Common structural elements for both royalty interest and revenue interest transactions include robust cash controls and back-stopping security interest arrangements in favor of the investor. While it is common for the investor to characterize the transaction, whether royalty interest or revenue interest, as a purchase transaction vis a vis the relevant revenue stream, prudent practice dictates that security arrangements be implemented to minimize adverse affects from a deterioration of the counterparty’s underlying business. While common to both forms of investment, the cash controls may be especially important in a royalty transaction where the licensee’s consent to the collateral assignment of the underlying license to the investor has not been obtained. The purchase characterization is important to the investor because, if respected, it substantially enhances the investor’s position should the licensor/counterparty encounter financial distress. However, to account for the possibility that this position could be directly or collaterally attacked (especially in an insolvency proceeding of the licensor/counterparty), the security interest and cash management arrangements act as fallback lines of protection for the investor’s initial investment and, hopefully, its return objectives.

In addition, it is not uncommon for the counterparty to require, and the investor to accede to, limits on the return the investor may earn on the investment. This may take the form of an absolute return limit (generally between 2X and 2.5X of the initial investment), after which the investor’s undivided interest steps down substantially or disappears entirely. The aggregate limit on the investor’s return often forms a basis for establishing the parties’ negotiated value for the investment under various circumstances. These might include the buyout price for an early termination at the election of the counterparty, or the liquidated damages claim in the event of a material breach by the counterparty of the terms of the transaction.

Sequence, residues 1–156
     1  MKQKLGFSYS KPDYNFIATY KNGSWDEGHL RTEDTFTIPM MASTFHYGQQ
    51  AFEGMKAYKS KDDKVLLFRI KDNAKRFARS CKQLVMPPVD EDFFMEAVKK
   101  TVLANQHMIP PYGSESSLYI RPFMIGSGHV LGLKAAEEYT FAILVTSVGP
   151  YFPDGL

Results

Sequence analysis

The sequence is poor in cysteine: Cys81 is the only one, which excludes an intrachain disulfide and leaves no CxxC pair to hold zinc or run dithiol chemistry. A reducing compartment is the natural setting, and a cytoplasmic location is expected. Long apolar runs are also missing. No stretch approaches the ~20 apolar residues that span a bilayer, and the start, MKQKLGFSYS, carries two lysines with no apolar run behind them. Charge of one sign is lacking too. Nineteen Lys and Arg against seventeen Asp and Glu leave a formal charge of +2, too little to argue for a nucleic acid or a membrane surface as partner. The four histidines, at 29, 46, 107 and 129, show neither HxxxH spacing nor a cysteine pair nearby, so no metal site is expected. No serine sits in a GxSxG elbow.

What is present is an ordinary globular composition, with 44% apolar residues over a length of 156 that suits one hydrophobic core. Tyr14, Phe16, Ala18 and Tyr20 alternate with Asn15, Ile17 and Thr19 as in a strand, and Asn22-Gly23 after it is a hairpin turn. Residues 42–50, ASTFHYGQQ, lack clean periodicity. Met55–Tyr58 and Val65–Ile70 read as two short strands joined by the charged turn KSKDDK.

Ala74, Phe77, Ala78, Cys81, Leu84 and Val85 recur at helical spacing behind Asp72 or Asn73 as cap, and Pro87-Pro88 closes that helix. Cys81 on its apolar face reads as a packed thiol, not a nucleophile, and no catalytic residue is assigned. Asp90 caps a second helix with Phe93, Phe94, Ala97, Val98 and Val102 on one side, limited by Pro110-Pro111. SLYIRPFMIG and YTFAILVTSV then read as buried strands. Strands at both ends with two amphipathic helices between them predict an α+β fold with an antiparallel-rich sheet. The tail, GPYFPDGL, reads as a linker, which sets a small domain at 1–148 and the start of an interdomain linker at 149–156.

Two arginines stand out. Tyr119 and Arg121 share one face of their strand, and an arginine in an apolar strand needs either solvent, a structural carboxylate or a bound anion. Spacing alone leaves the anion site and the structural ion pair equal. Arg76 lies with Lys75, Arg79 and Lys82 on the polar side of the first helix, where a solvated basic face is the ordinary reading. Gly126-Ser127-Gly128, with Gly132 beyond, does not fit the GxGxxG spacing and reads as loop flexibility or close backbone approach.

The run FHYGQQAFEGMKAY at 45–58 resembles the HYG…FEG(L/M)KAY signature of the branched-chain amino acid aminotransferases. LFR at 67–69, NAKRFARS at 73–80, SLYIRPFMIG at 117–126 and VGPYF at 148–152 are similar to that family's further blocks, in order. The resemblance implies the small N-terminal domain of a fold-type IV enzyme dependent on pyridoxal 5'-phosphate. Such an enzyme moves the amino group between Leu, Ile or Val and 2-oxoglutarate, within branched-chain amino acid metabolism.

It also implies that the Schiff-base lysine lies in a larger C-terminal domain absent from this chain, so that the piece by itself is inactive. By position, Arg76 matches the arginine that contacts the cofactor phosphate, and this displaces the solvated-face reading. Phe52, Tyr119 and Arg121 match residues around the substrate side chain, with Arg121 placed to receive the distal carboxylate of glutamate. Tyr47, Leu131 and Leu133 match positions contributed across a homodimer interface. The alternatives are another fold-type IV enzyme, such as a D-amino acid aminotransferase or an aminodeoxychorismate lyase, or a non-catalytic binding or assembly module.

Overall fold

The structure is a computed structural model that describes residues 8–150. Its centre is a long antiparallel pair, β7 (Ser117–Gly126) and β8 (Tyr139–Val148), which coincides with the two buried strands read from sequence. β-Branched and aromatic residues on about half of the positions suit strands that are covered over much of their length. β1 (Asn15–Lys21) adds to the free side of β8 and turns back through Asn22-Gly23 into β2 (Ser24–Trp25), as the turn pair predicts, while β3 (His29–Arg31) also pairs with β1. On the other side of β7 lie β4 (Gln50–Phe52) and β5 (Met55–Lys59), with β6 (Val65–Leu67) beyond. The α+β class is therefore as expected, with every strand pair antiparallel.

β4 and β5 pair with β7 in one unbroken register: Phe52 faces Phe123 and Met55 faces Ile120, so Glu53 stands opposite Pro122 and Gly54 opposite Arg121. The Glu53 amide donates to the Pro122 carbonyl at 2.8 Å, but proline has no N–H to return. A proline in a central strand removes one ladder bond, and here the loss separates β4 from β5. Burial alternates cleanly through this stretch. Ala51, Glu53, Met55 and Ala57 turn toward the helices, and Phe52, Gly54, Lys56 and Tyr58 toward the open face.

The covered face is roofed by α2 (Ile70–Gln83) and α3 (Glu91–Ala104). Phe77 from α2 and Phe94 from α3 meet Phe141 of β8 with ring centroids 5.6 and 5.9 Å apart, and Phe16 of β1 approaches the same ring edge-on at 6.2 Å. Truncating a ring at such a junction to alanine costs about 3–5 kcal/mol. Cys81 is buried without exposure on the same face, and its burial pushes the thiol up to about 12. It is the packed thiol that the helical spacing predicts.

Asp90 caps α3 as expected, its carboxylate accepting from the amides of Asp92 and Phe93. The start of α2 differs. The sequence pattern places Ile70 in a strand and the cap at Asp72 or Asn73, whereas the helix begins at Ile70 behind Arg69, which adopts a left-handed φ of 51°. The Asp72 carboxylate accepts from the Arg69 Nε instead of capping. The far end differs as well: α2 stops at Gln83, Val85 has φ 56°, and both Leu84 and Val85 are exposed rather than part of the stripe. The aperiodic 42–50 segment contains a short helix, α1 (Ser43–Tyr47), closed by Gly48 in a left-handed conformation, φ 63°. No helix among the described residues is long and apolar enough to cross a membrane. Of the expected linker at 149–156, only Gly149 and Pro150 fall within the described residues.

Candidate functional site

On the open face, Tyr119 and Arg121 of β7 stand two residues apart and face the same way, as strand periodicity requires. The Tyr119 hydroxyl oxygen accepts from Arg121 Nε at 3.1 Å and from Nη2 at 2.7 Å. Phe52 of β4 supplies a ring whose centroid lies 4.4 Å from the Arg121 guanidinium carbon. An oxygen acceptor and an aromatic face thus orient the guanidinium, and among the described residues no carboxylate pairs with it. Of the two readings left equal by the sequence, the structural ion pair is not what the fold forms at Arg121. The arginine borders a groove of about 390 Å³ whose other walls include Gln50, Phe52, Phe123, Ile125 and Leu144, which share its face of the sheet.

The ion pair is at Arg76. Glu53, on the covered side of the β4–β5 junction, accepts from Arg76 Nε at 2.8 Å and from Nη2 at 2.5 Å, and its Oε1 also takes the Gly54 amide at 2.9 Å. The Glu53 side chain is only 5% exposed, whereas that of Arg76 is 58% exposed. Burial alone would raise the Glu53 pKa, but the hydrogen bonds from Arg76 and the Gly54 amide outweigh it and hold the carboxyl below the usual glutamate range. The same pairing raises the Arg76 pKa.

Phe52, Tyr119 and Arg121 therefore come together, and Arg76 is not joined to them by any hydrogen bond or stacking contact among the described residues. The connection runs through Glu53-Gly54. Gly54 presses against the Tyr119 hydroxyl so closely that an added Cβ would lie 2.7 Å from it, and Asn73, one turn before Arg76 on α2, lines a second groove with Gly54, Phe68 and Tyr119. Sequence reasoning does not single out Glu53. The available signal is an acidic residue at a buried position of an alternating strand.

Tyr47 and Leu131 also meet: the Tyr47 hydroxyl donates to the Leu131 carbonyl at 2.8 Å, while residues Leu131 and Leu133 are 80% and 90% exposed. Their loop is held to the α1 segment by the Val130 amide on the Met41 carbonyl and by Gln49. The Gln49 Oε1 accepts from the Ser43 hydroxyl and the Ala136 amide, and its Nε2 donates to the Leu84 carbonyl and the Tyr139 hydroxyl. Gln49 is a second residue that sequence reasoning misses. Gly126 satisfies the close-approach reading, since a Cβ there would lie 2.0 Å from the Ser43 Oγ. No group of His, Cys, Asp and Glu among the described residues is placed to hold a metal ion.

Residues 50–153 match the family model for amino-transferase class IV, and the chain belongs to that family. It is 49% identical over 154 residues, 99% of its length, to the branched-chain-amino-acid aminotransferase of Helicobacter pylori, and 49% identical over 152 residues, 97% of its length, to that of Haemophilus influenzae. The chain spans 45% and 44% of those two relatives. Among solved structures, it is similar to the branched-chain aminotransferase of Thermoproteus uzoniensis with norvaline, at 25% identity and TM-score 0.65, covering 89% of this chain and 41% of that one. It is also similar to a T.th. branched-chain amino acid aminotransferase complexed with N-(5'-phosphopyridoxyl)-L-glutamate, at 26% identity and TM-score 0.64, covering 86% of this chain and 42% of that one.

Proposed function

Not surprisingly, as the range and depth of experience of these transactions has broadened and increased, the character of market participants has also expanded. While transactions continue to have a significant US bent, international opportunities have been increasingly observed.

“We have seen an increasing number of international royalty financing opportunities over the past few years. Two of our more recent transactions, LifeCycle Pharma in Denmark and Aeterna Zentaris in Canada and Germany (with participation by Merck Serono), have successfully demonstrated the viability of these platforms outside the US, and we anticipate further activity in Europe as companies continue to seek out alternative sources of capital to fuel their commercialization and development efforts,” says Davis.

Given the complexity of the underlying assets and the various structural elements which are in play in negotiating the final documents, these are necessarily complicated transactions. Notwithstanding this complexity, they do present good opportunities for immediate value generation for licensors/counterparties who might otherwise be unable to monetize their assets while diminishing future event risk. PC

About the Authors

Jeffrey A. Jung (left) and John P. Tamisiea are partners in the corporate department in McDermott Will & Emery LLP’s Chicago office. Together they head the firm’s Healthcare Royalty Sales practice group. Mr. Jung can be reached on (312) 984-6919, [email protected] and Mr. Tamisiea can be reached on (312) 984-6957, [email protected].